Sunday, November 9, 2008

Elf, Fairy, or Sidhe? Which Should It Be? Spoiler Alert!

    I enjoyed watching Hellboy 2: The Golden Army, but unfortunately for Hellboy, the three kids who were with me and I were rooting for the bad guy Nuadda, who squarely defeated Hellboy in single combat but was treacherously destroyed by his twin sister. 
   The naming of the Elf Prince Nuadda made me smile since, anyone who is familiar with Celtic mythology would recognize the name as the leader of the Tuatha de Danaan, when they arrived at the home promised to them by their goddess Danu, Ireland. They called their new home Innis Fail or the 'Island of Destiny' in English.  Nuadda, in the film, was without the silver hand but he was carrying a sword.  And what a swordsman he was!!
      In keeping with the Irish Book of Invasions, the lebor gabala erin, the Tuatha de Danaan fought a war with humans, the sons of Miles.  The aftermath of the war was an agreement to leave the earth above ground to humans while the Tuatha de Danaan took the underworld, particularly the barrows, which is when their name changed to Sidhe, pronounced Shee, the people of the barrows. 
     So far the facts fit the movie, except for the Golden Army.  There was no Golden Army.  There were the Fianna, the Red Branch of warriors with Diarmid, who was every bit the athlete like Nuadda was in Hellboy but the creators of the film chose to call Nuadda an elf rather than a Sidhe.  Is it really the same thing since the English commonly call the folk of the 'Otherworld' the fairy people now?
    In a sense it is and this is where the Medieval connection lies.  It is in the evolution of the English language.  The Norman Conquest of 1066 did not just take the land, it took over the language.  Fairy is a word derived from Old French.  When the Anglo-Saxons marched into England in the fifth century, they pushed the native Celts into Cornwall, Wales, and Scotland where they lived apart and so Gaelic had very little impact on the language.  'Elf' would have been the Anglo-Saxon word and so it might still be if not for that French completely took over the language, excepting a few hundred common nouns like bread, brother, wood, etc.  Until Tolkien brought it back with The Lord of the Rings.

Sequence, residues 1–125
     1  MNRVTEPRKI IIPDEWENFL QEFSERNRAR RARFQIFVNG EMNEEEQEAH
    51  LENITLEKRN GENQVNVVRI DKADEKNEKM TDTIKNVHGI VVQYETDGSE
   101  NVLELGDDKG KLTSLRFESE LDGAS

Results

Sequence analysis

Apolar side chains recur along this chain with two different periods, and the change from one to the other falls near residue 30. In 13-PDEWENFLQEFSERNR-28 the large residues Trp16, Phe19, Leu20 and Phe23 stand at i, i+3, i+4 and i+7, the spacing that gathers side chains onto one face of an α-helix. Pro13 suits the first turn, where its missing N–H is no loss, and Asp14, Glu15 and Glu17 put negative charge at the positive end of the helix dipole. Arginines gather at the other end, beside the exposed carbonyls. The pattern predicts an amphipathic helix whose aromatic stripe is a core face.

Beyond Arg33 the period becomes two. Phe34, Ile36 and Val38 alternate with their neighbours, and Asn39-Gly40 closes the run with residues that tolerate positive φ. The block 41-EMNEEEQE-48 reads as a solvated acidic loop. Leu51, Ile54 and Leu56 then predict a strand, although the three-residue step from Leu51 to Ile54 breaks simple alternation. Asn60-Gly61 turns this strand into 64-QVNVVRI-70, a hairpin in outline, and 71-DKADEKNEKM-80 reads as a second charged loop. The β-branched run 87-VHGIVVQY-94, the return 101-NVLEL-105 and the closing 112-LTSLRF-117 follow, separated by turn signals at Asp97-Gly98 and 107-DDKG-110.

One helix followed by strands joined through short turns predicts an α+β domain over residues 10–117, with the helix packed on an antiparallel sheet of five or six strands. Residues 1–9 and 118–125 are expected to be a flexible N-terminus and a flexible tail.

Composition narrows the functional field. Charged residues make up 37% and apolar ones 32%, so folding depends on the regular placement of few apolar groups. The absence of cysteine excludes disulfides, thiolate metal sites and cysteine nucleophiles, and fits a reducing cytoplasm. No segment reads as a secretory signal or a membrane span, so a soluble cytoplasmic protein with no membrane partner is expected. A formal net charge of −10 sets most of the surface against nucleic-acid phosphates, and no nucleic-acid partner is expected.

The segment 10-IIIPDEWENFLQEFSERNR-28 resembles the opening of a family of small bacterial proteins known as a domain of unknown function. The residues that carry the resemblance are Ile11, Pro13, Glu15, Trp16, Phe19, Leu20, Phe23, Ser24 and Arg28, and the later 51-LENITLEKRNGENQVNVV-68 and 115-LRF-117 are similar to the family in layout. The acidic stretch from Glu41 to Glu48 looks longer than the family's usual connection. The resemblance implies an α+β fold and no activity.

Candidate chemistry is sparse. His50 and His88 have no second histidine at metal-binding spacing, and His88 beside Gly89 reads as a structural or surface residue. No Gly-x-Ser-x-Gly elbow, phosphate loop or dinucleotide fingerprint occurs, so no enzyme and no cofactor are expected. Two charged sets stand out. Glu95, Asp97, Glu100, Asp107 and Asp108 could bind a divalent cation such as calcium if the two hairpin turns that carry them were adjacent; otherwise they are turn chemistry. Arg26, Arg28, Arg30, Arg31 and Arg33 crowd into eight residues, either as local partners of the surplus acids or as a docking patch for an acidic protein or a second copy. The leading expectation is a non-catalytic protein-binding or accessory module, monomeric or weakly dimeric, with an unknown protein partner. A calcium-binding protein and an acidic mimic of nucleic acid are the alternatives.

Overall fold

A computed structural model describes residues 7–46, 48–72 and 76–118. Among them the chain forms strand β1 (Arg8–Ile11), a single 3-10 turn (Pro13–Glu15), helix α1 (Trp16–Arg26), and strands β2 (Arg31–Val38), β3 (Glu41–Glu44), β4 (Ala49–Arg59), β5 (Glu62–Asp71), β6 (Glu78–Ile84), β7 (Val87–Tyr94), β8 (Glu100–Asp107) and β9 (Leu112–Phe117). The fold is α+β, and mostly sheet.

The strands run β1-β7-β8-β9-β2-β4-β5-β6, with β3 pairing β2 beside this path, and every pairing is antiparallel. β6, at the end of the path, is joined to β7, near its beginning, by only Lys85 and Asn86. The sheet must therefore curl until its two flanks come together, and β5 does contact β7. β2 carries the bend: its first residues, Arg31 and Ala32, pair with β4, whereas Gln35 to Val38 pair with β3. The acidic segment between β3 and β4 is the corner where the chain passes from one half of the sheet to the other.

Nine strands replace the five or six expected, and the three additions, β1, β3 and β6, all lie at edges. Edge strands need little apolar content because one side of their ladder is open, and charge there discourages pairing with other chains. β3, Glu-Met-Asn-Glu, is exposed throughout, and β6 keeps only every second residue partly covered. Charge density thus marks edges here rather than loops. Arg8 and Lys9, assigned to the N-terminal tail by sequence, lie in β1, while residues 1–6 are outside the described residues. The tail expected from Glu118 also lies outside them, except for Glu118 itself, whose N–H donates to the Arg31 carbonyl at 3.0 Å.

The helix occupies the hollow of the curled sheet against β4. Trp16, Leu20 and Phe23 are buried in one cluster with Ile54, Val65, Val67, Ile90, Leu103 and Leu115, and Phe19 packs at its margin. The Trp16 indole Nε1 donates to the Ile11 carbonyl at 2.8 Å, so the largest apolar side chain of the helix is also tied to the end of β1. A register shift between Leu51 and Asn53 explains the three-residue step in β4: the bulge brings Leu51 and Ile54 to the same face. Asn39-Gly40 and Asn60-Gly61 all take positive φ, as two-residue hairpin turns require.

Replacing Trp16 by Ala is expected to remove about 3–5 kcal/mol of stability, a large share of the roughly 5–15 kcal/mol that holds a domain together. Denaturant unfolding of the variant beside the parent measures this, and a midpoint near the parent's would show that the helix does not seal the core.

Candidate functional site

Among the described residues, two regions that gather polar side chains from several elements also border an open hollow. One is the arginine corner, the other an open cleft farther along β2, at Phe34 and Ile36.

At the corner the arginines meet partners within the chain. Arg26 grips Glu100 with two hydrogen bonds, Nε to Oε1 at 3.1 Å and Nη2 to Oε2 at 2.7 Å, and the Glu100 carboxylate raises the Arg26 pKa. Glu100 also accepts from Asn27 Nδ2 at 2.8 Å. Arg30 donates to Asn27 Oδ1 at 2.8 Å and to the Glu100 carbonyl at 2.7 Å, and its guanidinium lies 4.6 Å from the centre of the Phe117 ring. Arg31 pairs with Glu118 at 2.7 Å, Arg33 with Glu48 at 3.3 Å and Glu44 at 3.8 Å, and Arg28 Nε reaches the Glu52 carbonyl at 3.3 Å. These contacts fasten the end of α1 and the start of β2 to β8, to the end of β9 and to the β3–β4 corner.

Beatles Song of the Week

Ubi me in temporibus turbulentis invenio,
Mater Maria ad me venit,
Verba sapientarum dicit, sit.

Et in hora caeca mea
Ante meum directe stat,
Verba sapientarum dicit, sit

Sit, sit
Susurrate verba sapientarum,
Sit.

Et ubi deiecti,
In terra vivens convenerunt,
Explicatio erit, sit.
 
Nam etsi separati sint,
Etiam potestas videbunt,
Responsio erit, sit.

Et ubi nox nubis est,
Est etiam lumen quod in meum lucet.
Lucete in crasinum, sit.

E somno excito et musicam audio,
Mater Maria ad me venit,
Verba sapientarum dicit, sit.

10 comments:

Anonymous said...

This is a great piece!

Just like to add that in the Sidhe we get banshee, in Ireland called the beanh sidhe. And the legendary figures of the Tautha de Danann are with us still. For example, the hero Lugh(pronounced "Luck") became the model for the leprechaun. There are several possible derivations for "lephrechaun", one of which may be luch-chromain, "little stooping Lugh."

The old traditions never really went away with the coming of Christianity. We simply honor them in different forms.

Kristin

Anonymous said...

Not being brought up in Anglo-Saxon culture I've never knew there might be any difference between an elf, a fairy or any other magical creature with long blond hair and great sword skills (I didn't know the term "Sidhe" at all). Your question made me think about it and now I wonder what was the ultimate SOURCE of Celtic culture. People of the barrows were, according to the common knowledge, a superior race. Did they exist for real? Why barrows were better than the ground under the sun? I am fully aware that these questions are unanswerable but still, it is interesting to speculate about it.

Bridget

Anonymous said...

Good points, Bridget.